Evidence shows there is a need to ensure that health and social care professionals are capable to deliver care and support to a diverse population (EHRC, 2010). However, issues with professional conduct and discrimination against Lesbian, Gay, Bisexual, Transgender (LGBT+) people in health and social care, continue to exist in the UK (Stonewall, 2015) and most probably in most EU countries.
This unsatisfactory position indicates the need to ensure that health and social care professional education includes exploration of LGBT+ issues, in order to enable health professionals to provide quality services which are free from prejudice to this population. However, there are numerous challenges which the educators must address and overcome in order to achieve this aim, including ignorance and fear, lack of confidence; negative religious, cultural and personal views; the lack of a learning culture that values diversity, and so on (Davy et al, 2015; Pezzella & Carr, 2016).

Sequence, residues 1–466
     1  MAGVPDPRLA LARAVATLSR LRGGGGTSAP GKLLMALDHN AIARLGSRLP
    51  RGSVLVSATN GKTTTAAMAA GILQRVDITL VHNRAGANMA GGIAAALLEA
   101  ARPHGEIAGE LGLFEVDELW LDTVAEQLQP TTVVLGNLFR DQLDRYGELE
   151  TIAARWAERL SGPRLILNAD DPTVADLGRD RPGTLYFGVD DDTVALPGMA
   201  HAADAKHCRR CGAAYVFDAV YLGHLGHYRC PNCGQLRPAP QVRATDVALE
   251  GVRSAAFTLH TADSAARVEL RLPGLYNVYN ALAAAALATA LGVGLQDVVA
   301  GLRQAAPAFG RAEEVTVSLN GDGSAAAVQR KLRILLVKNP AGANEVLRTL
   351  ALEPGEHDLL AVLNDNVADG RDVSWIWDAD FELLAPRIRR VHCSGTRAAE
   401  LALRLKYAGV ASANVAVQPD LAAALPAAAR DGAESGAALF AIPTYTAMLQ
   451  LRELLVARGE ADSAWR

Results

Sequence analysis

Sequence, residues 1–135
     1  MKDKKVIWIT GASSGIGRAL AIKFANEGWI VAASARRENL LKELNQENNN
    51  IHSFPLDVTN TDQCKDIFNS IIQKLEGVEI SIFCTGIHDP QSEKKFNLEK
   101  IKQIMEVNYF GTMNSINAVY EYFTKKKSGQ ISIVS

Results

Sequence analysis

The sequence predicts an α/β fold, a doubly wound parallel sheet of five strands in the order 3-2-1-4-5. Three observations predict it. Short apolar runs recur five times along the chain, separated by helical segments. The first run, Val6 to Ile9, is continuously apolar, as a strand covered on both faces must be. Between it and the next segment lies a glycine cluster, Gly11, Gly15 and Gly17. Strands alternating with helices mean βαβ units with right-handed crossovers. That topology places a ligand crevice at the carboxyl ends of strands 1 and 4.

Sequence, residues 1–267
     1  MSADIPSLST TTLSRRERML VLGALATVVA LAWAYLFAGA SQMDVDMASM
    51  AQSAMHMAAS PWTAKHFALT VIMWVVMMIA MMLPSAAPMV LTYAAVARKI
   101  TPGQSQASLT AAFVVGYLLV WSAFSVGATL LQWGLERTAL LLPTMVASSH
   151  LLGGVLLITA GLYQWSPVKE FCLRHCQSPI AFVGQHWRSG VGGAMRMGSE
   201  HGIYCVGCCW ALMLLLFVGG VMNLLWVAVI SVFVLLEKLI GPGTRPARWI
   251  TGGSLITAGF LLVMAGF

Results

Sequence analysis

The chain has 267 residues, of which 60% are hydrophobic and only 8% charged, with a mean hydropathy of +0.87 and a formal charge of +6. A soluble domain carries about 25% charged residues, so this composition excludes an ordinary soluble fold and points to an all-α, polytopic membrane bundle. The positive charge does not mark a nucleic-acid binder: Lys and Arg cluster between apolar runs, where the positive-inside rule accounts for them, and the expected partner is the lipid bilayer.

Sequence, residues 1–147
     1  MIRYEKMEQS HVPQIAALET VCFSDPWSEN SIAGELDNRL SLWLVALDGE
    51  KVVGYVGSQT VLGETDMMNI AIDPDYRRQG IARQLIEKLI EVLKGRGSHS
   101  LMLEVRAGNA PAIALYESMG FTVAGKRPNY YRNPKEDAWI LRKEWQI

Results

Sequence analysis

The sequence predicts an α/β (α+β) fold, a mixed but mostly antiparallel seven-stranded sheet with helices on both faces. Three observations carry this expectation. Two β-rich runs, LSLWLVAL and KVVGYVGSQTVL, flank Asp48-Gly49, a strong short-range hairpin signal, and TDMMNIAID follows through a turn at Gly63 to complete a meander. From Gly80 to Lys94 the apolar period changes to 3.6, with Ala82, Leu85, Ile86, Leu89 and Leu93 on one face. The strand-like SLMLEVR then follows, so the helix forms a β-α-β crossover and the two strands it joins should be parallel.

Research suggests that specific training on LGBT+ issues may result in better knowledge and skills of the health and social care workforce, which reduces the heteronormative and cisgendered (when a person’s sense of personal identity and gender corresponds with their birth sex) communication between providers and LGBT+ people, as well as diminishing the feelings of stigma and discrimination experienced by LGBTQ+ people (Sekoni, Gale, Manga‐Atangana, Bhadhuri, & Jolly, 2017). Despite this, there seems to be a lack of covering in LGBT+ health needs in the health and social care curriculum. Hence, there are limited resources and teaching material on the LGBT+ issues.